Concern for pet welfare is starting to impact animal agriculture

Concern for pet welfare is starting to impact animal agriculture

View May 2019 newsletter

Concern for pet welfare is starting to impact animal agriculture

By Darren Turley
TAD Executive Director

Do you have a dog?  I once had a blue heeler that could almost pen the cows by himself. But times are changing on how we view dogs and other pets.

These animals are becoming a huge influence in our life and our rules.  More than ever, they are considered a member of the family, not just a pet. This has led to new opinions on how other animals should be treated.

A number of bills at the Texas Capitol this legislative session have centered on animals, particularly dogs. Bills have addressed whether to allow dogs on restaurant patios, if restraints should be limited, and the authority of law enforcement to remove them from a vehicle or a residence.

Why is this important to the dairy industry? As these pet-oriented animal welfare issues develop, we also are seeing the public relate the idea of their pets’ welfare to how they expect livestock and other food-producing animals to be cared for.

For example, horses are now being considered more of a pet than a working animal. This shift has led to the discussion of what to do with aging and ailing animals.

As this animal welfare movement continues, we can anticipate new demands related to how dairy farmers care for their livestock. First, it’s important to note that raising healthy, safe and comfortable cows are vital to dairy farmers and a moral obligation. A cow’s health care, nutrition, comfort and other needs are scrupulously monitored and attended to by the dairy farmer, as the Texas Association of Dairymen describes in detail on our website.

But while we know how “our girls” are treated, the public doesn’t. Few of those who consume milk and dairy products have ever been on a dairy farm. The better we help these consumers understand the care and consideration we have for our animals, the fewer concerns they will have about their welfare.

We are starting to see consumers express these concerns when they make food choices at their grocery stores. For example, world demand for plant-based meat substitutes (“fake meat”) hit an estimated $4.63 billion in 2018 – still small potatoes compared to the global $900 billion market for real meat, but a growing market.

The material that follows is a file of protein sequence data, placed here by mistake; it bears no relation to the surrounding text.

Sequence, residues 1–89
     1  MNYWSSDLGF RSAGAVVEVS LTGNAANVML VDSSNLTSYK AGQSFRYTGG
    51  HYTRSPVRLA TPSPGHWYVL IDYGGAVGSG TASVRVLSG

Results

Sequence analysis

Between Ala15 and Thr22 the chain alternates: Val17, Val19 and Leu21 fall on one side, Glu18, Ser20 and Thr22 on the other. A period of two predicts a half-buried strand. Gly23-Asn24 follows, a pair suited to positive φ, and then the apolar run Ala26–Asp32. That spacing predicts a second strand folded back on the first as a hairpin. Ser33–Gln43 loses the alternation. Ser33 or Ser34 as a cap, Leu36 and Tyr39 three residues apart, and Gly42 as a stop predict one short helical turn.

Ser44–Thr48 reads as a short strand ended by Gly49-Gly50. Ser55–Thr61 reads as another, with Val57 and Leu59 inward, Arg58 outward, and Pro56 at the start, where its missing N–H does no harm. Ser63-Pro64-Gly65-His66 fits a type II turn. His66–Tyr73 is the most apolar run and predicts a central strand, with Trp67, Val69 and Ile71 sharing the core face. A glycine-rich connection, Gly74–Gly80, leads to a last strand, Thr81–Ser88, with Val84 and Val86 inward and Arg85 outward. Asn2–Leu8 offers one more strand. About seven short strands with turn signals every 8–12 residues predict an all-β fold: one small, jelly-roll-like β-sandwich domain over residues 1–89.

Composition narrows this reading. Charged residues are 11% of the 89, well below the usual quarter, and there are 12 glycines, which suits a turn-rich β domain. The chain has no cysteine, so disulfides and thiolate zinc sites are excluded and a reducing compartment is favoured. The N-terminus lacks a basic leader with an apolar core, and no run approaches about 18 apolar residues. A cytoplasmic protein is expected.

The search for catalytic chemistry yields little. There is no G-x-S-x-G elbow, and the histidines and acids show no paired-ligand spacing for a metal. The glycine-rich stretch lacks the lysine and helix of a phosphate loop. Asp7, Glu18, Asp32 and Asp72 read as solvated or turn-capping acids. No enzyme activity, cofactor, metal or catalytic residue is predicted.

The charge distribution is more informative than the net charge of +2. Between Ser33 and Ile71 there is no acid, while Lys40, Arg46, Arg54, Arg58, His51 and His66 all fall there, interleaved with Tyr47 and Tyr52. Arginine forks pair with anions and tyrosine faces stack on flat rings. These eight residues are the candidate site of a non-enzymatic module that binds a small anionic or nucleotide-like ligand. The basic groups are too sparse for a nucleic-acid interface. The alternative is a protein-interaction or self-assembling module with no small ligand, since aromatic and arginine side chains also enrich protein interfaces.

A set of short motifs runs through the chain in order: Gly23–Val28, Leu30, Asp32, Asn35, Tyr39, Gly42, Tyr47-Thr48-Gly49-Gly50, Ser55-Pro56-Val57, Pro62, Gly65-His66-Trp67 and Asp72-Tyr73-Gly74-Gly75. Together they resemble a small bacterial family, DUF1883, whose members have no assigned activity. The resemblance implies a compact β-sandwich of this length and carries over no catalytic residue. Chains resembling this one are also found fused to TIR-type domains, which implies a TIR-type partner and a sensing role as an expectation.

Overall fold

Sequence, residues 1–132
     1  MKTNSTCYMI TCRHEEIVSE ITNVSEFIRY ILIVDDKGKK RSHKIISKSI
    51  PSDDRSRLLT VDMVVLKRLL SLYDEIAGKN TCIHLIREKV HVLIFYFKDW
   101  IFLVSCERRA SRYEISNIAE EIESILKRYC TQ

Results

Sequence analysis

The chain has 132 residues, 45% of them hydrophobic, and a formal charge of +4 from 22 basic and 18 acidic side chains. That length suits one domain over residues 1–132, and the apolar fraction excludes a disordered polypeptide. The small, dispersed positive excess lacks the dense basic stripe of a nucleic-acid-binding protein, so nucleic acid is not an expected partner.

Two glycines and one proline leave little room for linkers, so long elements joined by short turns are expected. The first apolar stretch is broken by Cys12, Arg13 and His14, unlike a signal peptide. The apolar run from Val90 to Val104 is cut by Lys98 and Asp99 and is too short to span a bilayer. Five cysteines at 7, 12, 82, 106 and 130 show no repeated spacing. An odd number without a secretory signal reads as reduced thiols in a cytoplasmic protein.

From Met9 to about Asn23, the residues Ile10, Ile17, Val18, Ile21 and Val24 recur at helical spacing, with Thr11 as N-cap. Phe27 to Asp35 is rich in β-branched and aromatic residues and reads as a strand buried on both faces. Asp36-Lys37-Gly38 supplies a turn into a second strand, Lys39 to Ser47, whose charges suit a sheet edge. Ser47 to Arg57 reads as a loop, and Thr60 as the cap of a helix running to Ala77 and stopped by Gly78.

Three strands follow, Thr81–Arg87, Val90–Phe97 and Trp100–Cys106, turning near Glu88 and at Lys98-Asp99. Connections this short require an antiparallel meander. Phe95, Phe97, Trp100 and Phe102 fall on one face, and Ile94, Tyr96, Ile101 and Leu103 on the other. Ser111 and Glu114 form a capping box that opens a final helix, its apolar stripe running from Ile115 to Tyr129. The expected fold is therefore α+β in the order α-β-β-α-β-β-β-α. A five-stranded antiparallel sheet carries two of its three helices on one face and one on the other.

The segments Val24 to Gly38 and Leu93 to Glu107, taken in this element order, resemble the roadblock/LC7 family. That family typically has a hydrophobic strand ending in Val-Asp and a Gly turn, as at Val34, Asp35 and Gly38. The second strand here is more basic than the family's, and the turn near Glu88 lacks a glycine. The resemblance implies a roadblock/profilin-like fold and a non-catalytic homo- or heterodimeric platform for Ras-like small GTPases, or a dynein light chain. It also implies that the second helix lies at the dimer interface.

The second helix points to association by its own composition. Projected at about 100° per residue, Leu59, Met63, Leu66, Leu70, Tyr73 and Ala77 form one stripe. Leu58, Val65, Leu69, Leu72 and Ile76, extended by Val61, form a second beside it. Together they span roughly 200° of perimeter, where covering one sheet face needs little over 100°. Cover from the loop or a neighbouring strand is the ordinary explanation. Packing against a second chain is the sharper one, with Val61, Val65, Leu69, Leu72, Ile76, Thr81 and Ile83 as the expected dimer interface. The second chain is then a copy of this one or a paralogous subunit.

Nationally, the dairy industry is strongly advocating Congress to pass the DAIRY PRIDE Act (“Defending Against Imitations and Replacements of Yogurt, Milk, and Cheese To Promote Regular Intake of Dairy Everyday Act”) to end the mislabeling of non-dairy products (such as those made with almond, soy, etc.) as “milks” in the marketplace. The bill language states, “Plant-based products labeled as milk are misleading to consumers.”

Instead, a food is only milk or a dairy product if that food or the primary ingredient used in that food is “obtained by the complete milking of one or more hooved mammals.”

The bill also pushes the FDA to enforce its own rules regarding labeling requirements for dairy products. Bill text reads, “Given the proliferation of plant-based products in the marketplace that are mislabeled as milk despite the standard of identity defined for this substance, enforcement by the Food and Drug Administration against these practices should be improved to avoid misleading consumers.”

Both the House and Senate versions of the federal Dairy Pride Act are pending in committees and can be viewed here.

This legislative session, a bill was filed to address the packaging of meat and labeling of meat substitutes.  Several other states also are considering labeling regulations.

Even as TAD continues to educate legislators and monitor legislation that affects our industry, there will always be new issues and new lawmakers to address.  This has been a good legislative session for the dairy industry, but we are already making plans for the interim, such as taking lawmakers on tours of dairy farmers, to help them better understand our industry.





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